Multiple cameras worn by officers and one on the dashboard of a police car showed just two ambulances positioned outside the school when the shooter was killed. That was not nearly enough for the 10 or more gunshot victims then still alive, though additional ambulances began arriving 10 minutes later. Six students, including one who was seriously wounded, were taken to a hospital in a school bus with no trained medics on board, according to Texas EMS records.

[…]

Although helicopters were available, none were used to carry victims directly from the school. At least four patients who survived were flown by helicopter to a more fully equipped trauma center in San Antonio after first being driven by ambulance to a nearby hospital or airport.

In public statements made since May, law enforcement officials have defended their officers’ actions as reasonable under difficult circumstances. Federal, state and local agencies that responded to the shooting have not directly addressed the medical response, nor did they answer detailed questions from the news organizations that worked jointly on this investigation.

Eric Epley, executive director of the Southwest Texas Regional Advisory Council, a nonprofit that helps coordinate trauma care in Southwest Texas during mass-casualty events, said medics encountered challenges, including a faulty radio system.

“These scenes are inherently confusing, challenging, and chaotic,” Epley said in an email. He later added, “We remain steadfast that the decisions by the on-scene medical leadership were sound and appropriate.”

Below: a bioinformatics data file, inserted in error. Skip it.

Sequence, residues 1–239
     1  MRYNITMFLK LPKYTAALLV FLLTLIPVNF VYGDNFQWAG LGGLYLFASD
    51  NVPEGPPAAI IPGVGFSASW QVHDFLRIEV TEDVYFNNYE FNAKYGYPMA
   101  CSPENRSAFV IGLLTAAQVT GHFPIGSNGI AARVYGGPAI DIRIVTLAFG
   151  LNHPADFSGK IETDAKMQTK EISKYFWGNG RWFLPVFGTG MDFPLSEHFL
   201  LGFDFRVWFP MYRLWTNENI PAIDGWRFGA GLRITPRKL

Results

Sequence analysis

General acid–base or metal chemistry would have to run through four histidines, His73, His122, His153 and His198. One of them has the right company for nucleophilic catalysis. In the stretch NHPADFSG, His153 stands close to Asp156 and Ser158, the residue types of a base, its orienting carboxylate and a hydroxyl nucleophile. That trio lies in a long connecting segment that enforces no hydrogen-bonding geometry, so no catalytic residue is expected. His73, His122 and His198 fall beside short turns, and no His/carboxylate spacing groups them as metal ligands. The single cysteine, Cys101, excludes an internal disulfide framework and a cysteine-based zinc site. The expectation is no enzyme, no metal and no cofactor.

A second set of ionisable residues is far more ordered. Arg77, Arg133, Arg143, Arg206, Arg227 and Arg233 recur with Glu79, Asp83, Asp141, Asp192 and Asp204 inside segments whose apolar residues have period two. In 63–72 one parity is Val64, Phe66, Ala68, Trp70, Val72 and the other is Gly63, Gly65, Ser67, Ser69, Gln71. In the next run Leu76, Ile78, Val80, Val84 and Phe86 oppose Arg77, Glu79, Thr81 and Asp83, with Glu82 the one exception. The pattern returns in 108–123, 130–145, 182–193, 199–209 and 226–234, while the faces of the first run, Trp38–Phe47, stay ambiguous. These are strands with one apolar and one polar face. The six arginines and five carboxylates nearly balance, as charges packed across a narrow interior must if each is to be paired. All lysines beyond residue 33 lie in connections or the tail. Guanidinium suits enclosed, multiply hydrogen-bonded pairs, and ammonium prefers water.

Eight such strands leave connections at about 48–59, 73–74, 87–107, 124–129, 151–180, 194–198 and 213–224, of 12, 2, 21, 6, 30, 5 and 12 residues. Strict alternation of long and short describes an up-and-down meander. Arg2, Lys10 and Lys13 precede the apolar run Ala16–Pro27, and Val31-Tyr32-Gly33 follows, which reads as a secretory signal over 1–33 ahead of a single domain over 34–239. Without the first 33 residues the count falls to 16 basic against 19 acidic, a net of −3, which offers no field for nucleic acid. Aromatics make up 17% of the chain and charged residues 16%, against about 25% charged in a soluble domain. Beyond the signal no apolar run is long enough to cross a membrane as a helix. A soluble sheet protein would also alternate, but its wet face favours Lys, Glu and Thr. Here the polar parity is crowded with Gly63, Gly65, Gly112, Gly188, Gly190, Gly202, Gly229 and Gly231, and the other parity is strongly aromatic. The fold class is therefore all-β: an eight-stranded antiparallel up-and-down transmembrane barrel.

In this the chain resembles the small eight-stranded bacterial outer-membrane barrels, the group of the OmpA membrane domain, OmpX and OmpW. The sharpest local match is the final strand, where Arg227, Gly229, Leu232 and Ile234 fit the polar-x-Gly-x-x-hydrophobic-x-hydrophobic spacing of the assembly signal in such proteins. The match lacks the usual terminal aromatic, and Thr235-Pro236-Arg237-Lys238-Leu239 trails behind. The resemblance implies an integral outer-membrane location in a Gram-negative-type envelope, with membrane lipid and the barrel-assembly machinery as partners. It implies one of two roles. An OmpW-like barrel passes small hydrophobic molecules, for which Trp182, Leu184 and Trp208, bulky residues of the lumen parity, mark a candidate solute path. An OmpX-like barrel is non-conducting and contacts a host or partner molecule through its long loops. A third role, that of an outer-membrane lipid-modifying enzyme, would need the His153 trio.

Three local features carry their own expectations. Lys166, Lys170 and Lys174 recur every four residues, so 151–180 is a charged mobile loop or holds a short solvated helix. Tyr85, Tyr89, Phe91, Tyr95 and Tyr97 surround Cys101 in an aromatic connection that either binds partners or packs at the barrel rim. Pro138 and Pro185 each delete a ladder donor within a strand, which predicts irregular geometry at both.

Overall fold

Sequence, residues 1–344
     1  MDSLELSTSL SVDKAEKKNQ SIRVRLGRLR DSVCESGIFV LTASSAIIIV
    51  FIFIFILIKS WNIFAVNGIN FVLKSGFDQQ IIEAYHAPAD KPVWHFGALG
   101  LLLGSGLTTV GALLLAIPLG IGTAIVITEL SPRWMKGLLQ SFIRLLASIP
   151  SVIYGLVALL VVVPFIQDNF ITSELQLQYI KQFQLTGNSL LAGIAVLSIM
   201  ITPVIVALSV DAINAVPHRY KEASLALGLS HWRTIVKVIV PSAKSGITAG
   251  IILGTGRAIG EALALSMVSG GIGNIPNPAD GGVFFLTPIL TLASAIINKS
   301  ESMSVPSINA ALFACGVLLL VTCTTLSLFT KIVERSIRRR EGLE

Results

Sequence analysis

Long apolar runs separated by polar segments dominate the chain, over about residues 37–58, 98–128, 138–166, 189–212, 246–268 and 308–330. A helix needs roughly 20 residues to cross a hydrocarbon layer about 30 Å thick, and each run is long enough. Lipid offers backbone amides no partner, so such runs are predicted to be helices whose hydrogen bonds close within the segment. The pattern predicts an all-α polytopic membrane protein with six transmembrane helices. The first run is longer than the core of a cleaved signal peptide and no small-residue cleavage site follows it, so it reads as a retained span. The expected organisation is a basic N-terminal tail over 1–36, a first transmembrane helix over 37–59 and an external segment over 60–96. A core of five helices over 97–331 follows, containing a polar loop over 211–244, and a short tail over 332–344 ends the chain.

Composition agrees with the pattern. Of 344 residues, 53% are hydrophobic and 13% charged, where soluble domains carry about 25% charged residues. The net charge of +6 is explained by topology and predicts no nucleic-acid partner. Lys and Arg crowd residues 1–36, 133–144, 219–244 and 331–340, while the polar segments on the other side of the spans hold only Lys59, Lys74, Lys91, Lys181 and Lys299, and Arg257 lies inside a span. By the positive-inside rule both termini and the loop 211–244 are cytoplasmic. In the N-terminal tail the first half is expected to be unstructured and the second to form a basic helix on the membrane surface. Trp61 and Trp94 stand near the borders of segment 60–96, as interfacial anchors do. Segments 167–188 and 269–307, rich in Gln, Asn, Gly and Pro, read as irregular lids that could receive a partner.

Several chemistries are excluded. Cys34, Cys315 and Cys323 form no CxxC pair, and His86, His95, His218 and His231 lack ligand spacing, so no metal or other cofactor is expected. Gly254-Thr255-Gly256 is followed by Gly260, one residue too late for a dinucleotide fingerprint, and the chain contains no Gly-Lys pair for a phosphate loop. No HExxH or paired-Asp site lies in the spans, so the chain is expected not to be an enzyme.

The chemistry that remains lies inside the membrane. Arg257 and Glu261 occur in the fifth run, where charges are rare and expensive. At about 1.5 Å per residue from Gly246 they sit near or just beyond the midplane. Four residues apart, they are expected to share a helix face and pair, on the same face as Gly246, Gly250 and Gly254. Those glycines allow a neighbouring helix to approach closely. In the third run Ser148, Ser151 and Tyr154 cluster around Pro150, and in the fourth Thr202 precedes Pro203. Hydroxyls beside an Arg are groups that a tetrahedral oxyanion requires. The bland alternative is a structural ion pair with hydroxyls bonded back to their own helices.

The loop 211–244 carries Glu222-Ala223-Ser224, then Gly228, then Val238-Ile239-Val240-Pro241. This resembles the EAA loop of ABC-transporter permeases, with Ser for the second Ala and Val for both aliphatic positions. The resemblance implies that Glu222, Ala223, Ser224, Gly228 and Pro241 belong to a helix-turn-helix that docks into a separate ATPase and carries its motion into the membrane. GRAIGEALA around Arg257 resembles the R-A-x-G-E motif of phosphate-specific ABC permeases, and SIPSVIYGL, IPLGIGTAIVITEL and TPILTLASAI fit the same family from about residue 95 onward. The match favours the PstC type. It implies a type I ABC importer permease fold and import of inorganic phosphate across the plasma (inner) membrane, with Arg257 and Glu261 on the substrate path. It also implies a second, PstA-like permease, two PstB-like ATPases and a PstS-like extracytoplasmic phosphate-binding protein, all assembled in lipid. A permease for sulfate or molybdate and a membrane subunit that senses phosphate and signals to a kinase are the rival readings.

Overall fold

The Texas Rangers, an arm of the state Department of Public Safety, are investigating what went wrong in Uvalde, including whether any victims might have survived if they had received prompt medical care. The local district attorney has said she will use that investigation to determine whether to charge anyone with a crime, including law enforcement officers.

[…]

It’s difficult to know whether Mireles or anyone else who died that day might have survived their wounds, in part because local officials have refused to release autopsy reports. But footage shows that Mireles was conscious and responsive when she was pulled from the classroom, an indicator that she probably had survivable wounds, according to medical experts.

“Had medics gotten to her quickly, there’s a good chance she would’ve survived,” said Babak Sarani, director of critical care at George Washington University Hospital.

The flawed coordination among police and medical crews echoes missteps during other mass shootings, despite the development of recommended practices after the 1999 massacre at Columbine High School. In several of those cases, the communication problems resulted in delays in getting medical care for victims.

Medics on helicopters and in ambulances who responded to the Uvalde shooting told investigators they were confused about who was in charge, where they should be stationed and how many victims to expect. Some of them pleaded to be allowed closer to the scene. In the absence of clear guidance, experts said medics did the best they could while trying to save lives.

“They were told, essentially, to go to the airport and wait,” according to an interview the Texas Rangers conducted with Julie Lewis, the regional manager for AirLIFE, an air medical transport service that sent three helicopters from the greater San Antonio area. “They couldn’t figure out who was in command.”